A Year of Goodbye's: CEOs Make Their Exits in 2009
Technology Editor, CNBC.com
Out with the old and in with the new, or so seems to be the trend among corporate executives exiting their management roles in 2009.
While the turnover rate of all CEOs nationwide is down from a year ago according to a survey conducted by the outplacement company Challenger, Gray & Christmas, there have been a number of executives from Dow components stepping down over from their post in 2009.
The aftermath of the financial crisis no doubt played a part for execs leaving, said John Challenger, CEO of the executive placement firm.
"It's been a tough year on CEOs and management teams, because of the consistency of the negative earnings that we have seen coming out of corporate America, especially in early 2009," said Challenger. "When results are bad, CEOs are in jeopardy. Sometimes they are scapegoats and sometimes they deserve it."
Whether the financial crisis drove them out or not, here's a list of some of the major executives who said goodbye in 2009.
After steering Morgan Stanley through turbulent times during the financial crisis, the CEO announced in September of 2009 he would be stepping down from the brokerage firm. Robert Kidder, the bank’s lead director, said in a statement posted on the company Web site that Mack told board members 18 months prior to his public announcement that he wanted to retire when he reached the age of 65 in November 2009. Mack served as CEO for five years and officially steps down Jan. 1, 2010. Co-President James P. Gorman will succeed Mack.
Having served as thechief executive of Bank of America since 2001, Lewis announced he would be departing the company in late September of 2009. Shareholders voted to separate the role of chairman and CEO in April, ousting Lewis as the company chairman. It was speculated that the board of directors may have pressured Lewis to step down as chief executive, but Lewis said the decision was his own.
"The Merrill Lynch and Countrywide integrations are on track and returning value already. Our board of directors and our senior management include more talent, and more diversity of talent, than at any time in this company's history. We are in position to begin to repay the federal government's TARP investments," Lewis said in a statement posted on the bank's Web site. "For these reasons, I decided now is the time to begin to transition to the next generation of leadership at Bank of America."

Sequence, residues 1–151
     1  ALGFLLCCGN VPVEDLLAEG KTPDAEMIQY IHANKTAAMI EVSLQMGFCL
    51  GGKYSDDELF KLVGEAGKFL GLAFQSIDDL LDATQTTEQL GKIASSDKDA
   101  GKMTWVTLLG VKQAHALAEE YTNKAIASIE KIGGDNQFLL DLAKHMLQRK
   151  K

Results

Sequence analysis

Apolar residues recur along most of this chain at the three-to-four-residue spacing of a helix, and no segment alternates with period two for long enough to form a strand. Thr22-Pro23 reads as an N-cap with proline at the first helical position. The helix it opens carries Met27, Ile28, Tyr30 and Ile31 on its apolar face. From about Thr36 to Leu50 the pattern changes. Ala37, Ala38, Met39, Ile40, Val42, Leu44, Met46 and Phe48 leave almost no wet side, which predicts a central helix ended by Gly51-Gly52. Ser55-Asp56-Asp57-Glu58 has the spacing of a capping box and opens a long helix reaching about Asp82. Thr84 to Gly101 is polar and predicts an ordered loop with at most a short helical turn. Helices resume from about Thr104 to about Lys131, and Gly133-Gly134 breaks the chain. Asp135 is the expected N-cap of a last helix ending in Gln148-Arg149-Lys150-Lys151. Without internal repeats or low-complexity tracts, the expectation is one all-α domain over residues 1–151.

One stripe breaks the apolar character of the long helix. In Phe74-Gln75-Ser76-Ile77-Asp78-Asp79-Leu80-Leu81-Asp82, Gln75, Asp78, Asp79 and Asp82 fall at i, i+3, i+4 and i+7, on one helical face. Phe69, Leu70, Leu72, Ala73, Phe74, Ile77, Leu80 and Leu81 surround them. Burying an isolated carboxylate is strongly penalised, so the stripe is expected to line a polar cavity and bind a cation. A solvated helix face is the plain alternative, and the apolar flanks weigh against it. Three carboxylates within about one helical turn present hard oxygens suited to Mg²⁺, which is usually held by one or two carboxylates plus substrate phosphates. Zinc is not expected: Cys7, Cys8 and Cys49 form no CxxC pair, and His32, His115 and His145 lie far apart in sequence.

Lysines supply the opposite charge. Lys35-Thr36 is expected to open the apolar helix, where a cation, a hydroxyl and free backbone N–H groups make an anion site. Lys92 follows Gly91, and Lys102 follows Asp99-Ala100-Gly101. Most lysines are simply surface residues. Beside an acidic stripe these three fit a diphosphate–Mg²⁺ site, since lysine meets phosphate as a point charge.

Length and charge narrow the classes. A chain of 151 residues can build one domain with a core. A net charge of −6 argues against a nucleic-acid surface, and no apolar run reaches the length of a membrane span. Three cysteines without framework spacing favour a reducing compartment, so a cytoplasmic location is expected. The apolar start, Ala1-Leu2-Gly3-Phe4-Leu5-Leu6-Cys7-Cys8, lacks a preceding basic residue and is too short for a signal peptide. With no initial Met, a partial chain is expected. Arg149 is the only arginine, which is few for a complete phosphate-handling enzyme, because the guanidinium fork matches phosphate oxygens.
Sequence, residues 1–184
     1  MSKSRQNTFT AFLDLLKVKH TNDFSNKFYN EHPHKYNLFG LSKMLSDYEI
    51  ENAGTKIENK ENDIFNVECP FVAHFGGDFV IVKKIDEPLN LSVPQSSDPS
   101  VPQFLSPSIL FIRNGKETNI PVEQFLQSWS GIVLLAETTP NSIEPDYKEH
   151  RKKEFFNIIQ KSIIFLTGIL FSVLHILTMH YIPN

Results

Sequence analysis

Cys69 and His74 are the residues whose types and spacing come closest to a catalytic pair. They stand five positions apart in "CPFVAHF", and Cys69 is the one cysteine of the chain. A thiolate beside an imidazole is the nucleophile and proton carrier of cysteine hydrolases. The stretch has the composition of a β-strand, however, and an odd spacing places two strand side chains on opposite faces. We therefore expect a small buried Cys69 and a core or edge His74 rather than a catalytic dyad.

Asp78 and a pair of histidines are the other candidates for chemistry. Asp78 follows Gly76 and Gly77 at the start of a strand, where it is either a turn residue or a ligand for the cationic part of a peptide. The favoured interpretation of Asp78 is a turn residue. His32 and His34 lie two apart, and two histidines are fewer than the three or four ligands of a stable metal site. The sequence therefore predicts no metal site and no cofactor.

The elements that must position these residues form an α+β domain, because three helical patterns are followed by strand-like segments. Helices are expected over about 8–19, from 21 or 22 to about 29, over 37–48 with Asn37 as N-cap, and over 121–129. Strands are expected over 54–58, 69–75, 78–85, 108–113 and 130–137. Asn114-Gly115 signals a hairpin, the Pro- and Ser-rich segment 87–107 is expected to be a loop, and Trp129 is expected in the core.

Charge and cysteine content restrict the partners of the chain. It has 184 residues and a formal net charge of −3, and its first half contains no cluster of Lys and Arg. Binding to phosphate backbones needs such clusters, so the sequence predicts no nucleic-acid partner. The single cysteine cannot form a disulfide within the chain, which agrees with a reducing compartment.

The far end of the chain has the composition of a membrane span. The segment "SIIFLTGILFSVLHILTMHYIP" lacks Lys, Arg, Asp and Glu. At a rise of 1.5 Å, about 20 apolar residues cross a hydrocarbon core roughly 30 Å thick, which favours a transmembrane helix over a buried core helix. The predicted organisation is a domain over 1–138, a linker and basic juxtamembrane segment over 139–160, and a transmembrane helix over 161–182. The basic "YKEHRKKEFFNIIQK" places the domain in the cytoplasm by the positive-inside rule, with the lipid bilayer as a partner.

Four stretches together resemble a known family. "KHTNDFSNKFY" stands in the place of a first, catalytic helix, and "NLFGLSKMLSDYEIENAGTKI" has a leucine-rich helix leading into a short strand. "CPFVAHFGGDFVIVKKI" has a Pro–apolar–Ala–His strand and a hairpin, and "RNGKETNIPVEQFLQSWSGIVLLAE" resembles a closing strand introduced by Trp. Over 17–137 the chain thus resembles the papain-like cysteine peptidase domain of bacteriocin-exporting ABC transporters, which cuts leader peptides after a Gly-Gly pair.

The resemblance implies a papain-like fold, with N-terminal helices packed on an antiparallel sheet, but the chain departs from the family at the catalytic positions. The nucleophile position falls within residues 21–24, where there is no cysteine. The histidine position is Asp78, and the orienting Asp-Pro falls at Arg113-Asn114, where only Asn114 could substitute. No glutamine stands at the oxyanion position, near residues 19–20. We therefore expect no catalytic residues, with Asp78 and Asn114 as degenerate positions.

Brian Moynihan, BofA's president of Consumer and Small Business banking, will take over as CEO Jan. 1, 2010.
Edward M. Liddy
After leaving retirement, Liddy agreed to head the behemoth insurance company America International Group during the brunt of the financial crisis for a salary of $1. But his tenure did not last long. After countless encounters with Congress and threats made to himself and family, Liddy made his way to the exit. He had joined the company in September 2008 and announced his departure in May 2009. His successor, Robert Benmoshe, took the reigns as CEO in August 2009.
AIG continues to have turmoil among its top ranks. The latest departure was announced Tuesday as Anastasia Kelly, who served as its general counsel and vice chair, announced her resignation on Wednesday. Kelly cited a pay reduction in her base salary under the pay czar's new restrictions for TARP recipients as her reason for leaving.